I WAS IN HITLER'S SUICIDE BUNKER !
By Steven Rosenberg BBC News, Berlin.
At his living room table, 92-year-old Rochus Misch shows me some of his old photo albums. Private pictures he had taken more than 60 years ago. There are colour images of Mr Misch in an SS uniform at Adolf Hitler's home in the Alps, snapshots of Hitler staring at rabbits, and photos of Hitler's mistress and future wife Eva Braun.
For five years, SS Oberscharfuehrer Rochus Misch had been part of Adolf Hitler's inner circle, as a bodyguard, a courier and telephone operator to the Fuehrer.
"My first meeting with Hitler was rather strange," Mr Misch recalls. "I'd been in the job 12 days when Hitler's chief adjutant, a man called Bruckner, started asking me questions about my grandmother, about my childhood.
"Then he got up and walked towards the door. Being an obedient soldier, I flung myself forward to open it, and there was Hitler standing right behind the door. I felt cold. Then I felt hot. I felt every emotion standing there opposite Hitler.
"In the Fuehrer's entourage, strictly speaking, we were bodyguards," says Mr Misch. "When Hitler was travelling, between four and six of us would accompany him in a second car. But when we were at Hitler's apartment in the Chancellery we also had other duties. Two of us would always work as telephone operators. With a boss like Hitler, there were always plenty of phone calls."
With the Allies advancing and Germany on the brink of defeat, Hitler retreated to his Berlin bunker. Rochus Misch was the telephone operator there.
"I worked in a small room with a telephone and teletype machine with outside lines," he remembers.
"There was only enough room to shelter one extra person in my room in the event of an air raid. The bunker really wasn't that big. It contained small rooms of only 10 to 12 square metres."
Rochus Misch is the last survivor of the Hitler bunker. He is the final witness of the drama that took place there on 30 April 1945. It was the day Adolf Hitler and Eva Braun committed suicide.
"Suddenly I heard somebody shouting to Hitler's attendant: 'Linge, Linge, I think it's happened.' They'd heard a gunshot, but I hadn't. At that moment Martin Bormann, Hitler's private secretary, ordered everyone to be silent. Everyone began whispering. I was speaking on the telephone and I made sure I talked louder on purpose because I wanted to hear something. I didn't want it to feel like we were in a death bunker.
"Then Bormann ordered Hitler's door to be opened. I saw Hitler slumped with his head on the table. Eva Braun was lying on the sofa, with her head towards him. Her knees were drawn tightly up to her chest. She was wearing a dark blue dress with white frills. I will never forget it.
"I watched as they wrapped Hitler up. His legs were sticking out as they carried him past me. Someone shouted to me: 'Hurry upstairs, they're burning the boss!' I decided not to go because I had noticed that Mueller from the Gestapo was there - and he was never usually around. I said to my comrade Hentschel, the mechanic: 'Maybe we will be killed for being the last witnesses.'"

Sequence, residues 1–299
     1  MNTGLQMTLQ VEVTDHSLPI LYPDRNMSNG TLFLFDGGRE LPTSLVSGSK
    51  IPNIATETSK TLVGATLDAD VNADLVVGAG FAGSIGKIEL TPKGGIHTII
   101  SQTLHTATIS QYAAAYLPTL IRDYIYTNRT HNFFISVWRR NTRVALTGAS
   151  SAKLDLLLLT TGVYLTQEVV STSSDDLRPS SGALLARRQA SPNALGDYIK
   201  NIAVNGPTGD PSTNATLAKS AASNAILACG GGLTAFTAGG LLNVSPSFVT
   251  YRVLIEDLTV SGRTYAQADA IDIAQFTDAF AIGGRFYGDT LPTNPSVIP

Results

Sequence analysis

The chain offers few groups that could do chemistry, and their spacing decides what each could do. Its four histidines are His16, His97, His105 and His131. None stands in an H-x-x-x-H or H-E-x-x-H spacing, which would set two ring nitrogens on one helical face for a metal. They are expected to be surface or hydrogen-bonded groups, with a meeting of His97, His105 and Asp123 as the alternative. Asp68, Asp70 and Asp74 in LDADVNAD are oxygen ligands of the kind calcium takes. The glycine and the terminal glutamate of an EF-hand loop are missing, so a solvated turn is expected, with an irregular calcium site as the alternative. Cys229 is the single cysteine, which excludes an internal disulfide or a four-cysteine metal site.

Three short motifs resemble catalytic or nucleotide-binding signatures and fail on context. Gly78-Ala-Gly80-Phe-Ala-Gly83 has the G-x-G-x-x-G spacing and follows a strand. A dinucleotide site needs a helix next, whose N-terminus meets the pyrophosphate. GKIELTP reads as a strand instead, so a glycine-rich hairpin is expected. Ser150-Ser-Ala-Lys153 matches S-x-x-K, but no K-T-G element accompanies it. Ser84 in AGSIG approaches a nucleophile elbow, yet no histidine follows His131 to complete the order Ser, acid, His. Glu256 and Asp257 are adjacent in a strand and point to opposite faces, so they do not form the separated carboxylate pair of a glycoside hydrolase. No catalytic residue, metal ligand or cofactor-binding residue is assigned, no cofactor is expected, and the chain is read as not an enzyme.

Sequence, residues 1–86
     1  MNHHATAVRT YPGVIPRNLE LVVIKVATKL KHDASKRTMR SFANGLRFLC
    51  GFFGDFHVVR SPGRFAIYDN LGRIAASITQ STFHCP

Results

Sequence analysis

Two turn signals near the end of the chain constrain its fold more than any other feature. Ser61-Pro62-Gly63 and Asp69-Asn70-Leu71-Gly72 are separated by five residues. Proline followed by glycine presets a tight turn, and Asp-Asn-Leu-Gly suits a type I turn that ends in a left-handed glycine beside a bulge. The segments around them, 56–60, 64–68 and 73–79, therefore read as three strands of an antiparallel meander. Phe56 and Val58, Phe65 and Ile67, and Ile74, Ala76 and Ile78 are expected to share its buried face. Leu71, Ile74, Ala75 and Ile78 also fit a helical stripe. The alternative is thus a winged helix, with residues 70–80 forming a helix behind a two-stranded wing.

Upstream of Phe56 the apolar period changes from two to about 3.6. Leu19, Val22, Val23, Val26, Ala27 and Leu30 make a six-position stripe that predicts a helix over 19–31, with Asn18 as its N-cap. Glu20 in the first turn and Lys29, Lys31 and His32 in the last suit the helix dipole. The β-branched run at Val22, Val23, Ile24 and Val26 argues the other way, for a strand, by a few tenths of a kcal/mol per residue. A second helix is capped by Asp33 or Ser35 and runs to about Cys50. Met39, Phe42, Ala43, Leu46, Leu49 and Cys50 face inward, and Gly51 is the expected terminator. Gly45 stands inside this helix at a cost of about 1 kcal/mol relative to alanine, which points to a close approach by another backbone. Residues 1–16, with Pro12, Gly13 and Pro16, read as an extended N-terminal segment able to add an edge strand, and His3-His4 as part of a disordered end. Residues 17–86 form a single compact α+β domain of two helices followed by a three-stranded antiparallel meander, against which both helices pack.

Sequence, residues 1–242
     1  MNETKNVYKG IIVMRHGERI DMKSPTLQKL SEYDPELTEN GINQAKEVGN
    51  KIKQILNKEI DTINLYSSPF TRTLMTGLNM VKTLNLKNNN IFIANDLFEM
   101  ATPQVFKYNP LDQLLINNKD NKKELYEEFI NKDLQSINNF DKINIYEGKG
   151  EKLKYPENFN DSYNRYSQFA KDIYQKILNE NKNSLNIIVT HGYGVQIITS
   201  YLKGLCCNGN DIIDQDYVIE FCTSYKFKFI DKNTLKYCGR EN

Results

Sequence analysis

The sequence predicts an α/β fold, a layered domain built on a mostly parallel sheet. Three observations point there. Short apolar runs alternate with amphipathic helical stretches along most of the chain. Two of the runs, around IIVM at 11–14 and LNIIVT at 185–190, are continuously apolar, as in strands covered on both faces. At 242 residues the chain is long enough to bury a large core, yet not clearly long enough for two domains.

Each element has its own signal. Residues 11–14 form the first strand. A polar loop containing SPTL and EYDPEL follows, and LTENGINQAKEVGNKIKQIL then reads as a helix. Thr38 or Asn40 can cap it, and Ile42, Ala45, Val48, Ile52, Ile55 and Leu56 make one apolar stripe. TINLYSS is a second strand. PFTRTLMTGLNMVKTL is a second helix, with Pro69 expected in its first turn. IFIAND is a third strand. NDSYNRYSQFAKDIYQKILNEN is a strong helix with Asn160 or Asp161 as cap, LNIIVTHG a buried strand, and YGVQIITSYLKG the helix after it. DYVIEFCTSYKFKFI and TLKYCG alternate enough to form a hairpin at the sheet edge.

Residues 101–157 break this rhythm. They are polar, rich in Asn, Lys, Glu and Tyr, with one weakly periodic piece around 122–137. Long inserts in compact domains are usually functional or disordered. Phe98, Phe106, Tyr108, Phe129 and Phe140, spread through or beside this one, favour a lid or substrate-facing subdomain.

The next day the drama continued. Down in the bunker, the six children of Germany's new leader - Joseph Goebbels - were drugged and murdered. It was their own mother Magda who killed them.
"Straight after Hitler's death, Mrs Goebbels came down to the bunker with her children," Mr Misch recalls. "She started preparing to kill them. She couldn't have done that above ground - there were other people there who would have stopped her. That's why she came downstairs - because no-one else was allowed in the bunker. She came down on purpose to kill them.
"The kids were right next to me and behind me. We all knew what was going to happen. It was clear. I saw Hitler's doctor, Dr Stumpfegger give the children something to drink. Some kind of sugary drink. Then Stumpfegger went and helped to kill them. All of us knew what was going on. An hour or two later, Mrs Goebbels came out crying. She sat down at a table and began playing patience."
Mr Misch fled Hitler's bunker just hours before it was seized by the Red Army. But he was quickly captured and spent the next nine years in Soviet labour camps. The captured "Fuehrerbunker" became a symbol of the Allies' victory in World War II.
Two months after the end of the war, Winston Churchill visited it. He posed for photos outside, sitting on a chair recovered from the shelter. In later years, the bunker was blown up to stop it becoming a Nazi shrine.
At the end of our conversation, I ask Rochus Misch whether he knew of the horrors that Adolf Hitler had unleashed across Europe. Did he know about the Holocaust?
"I knew about Dachau camp and about concentration camps in general," he tells me. "But I had no idea of the scale. It wasn't part of our conversations. The Nuremberg Trial dealt with crimes committed by the Germans. But you must remember there was never a war when crimes weren't committed, and there never will be."
BBC NEWS REPORT.